Harford Co. jail chief is retiring

April 17, 1993|By Mike Farabaugh | Mike Farabaugh,Staff Writer

The chief of the Harford County Detention Center, who reportedly had been under pressure to leave his post because of concerns about the jail's leadership, said yesterday that he's retiring.

Maj. E. Dale Zepp, a veteran of 34 years in the sheriff's office, told Sheriff Robert E. Comes that he will leave the post June 30, said Stuart Jay Robinson, Major Zepp's attorney.

Sheriff Comes said he and his chief deputy, Lt. Col. Thomas P. Broumel, will oversee the operation of the 308-bed county jail until someone is named to take over Major Zepp's responsibilities as chief of court and correctional services.

Sheriff Comes said he hoped to hire a warden to run the Detention Center as soon as possible, but that the position would have to be advertised.

Recent allegations of mismanagement had prompted County Executive Eileen M. Rehrmann and State's Attorney Joseph I. Cassilly to co-sign a letter April 8, asking Gov. William Donald Schaefer to order the attorney general's office to conduct an investigation.

County government officials, who asked that their names not be published, said that Major Zepp was under pressure to retire because of recent controversies at the Detention Center, including that involving the jail's handling of the suspicious death of an inmate found strangled with a pillowcase in his cell March 1, 1992.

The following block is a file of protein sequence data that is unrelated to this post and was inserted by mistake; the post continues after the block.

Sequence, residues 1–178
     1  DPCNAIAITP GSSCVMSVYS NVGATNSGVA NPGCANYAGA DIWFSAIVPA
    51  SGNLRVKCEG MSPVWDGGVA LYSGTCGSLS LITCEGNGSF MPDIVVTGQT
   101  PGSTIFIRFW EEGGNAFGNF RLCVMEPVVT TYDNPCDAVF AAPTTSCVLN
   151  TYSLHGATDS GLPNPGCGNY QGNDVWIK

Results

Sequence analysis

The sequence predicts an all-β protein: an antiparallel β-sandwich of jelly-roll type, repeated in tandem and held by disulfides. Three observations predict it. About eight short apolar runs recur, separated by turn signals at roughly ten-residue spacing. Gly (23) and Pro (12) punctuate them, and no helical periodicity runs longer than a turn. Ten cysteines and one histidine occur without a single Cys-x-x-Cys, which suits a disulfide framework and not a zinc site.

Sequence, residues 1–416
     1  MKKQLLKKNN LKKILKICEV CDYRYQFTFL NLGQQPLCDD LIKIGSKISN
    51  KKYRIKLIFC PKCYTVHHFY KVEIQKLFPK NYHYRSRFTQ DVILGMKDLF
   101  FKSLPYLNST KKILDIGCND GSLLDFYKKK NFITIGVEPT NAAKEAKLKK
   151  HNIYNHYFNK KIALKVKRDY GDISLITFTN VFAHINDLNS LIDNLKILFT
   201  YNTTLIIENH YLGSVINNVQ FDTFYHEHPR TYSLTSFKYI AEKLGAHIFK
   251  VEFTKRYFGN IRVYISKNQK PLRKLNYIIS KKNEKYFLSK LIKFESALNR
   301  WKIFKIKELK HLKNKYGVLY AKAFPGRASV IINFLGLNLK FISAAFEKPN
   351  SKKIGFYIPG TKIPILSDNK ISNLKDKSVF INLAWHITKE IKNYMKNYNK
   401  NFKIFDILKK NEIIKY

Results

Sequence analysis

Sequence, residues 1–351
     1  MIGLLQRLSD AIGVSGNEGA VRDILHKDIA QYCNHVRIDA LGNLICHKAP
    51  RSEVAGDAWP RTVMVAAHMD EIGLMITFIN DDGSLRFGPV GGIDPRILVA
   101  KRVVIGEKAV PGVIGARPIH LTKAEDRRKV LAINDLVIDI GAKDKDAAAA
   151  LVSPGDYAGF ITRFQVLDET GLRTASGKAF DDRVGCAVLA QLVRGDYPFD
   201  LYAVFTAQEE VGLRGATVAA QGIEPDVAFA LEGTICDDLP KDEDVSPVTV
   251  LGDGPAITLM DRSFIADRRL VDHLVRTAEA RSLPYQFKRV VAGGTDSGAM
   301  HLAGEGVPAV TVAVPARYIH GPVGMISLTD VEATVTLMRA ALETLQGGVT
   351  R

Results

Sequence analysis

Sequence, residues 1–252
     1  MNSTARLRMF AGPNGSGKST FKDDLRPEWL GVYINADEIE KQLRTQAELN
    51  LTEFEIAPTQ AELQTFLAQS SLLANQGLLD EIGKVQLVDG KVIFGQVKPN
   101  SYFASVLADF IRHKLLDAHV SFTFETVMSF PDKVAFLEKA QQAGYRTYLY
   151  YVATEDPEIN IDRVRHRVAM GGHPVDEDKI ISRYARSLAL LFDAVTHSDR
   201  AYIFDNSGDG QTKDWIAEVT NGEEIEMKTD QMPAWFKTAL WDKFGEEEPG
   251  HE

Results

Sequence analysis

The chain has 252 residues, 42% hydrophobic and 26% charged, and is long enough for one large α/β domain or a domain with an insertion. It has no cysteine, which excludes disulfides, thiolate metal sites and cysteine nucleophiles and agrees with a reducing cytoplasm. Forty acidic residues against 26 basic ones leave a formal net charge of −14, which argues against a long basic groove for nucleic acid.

Already, the sheriff's office, which oversees the jail, the Harford state's attorney's office and the FBI have investigated the death of William Martin Ford, a 28-year-old Delaware man who was serving 30 days for drunken driving. No one has been charged.

Mrs. Rehrmann said last night that she had received a call from theattorney general's office yesterday, agreeing to proceed with investigation.

The executive also said that her administration is drafting legislation aimed at transferring control of the detention center from the sheriff's office to the county.

Mrs. Rehrmann said that she agreed to Sheriff Comes' request that John O'Neil, procurement director for the county, run the detention center temporarily beginning Monday.

Mr. Robinson stressed that Major Zepp had considered retiring after completing 30 years of service, but agreed to stay to help Sheriff Comes. The call for a state investigation had no bearing on Major Zepp's decision to retire, Mr. Robinson said.

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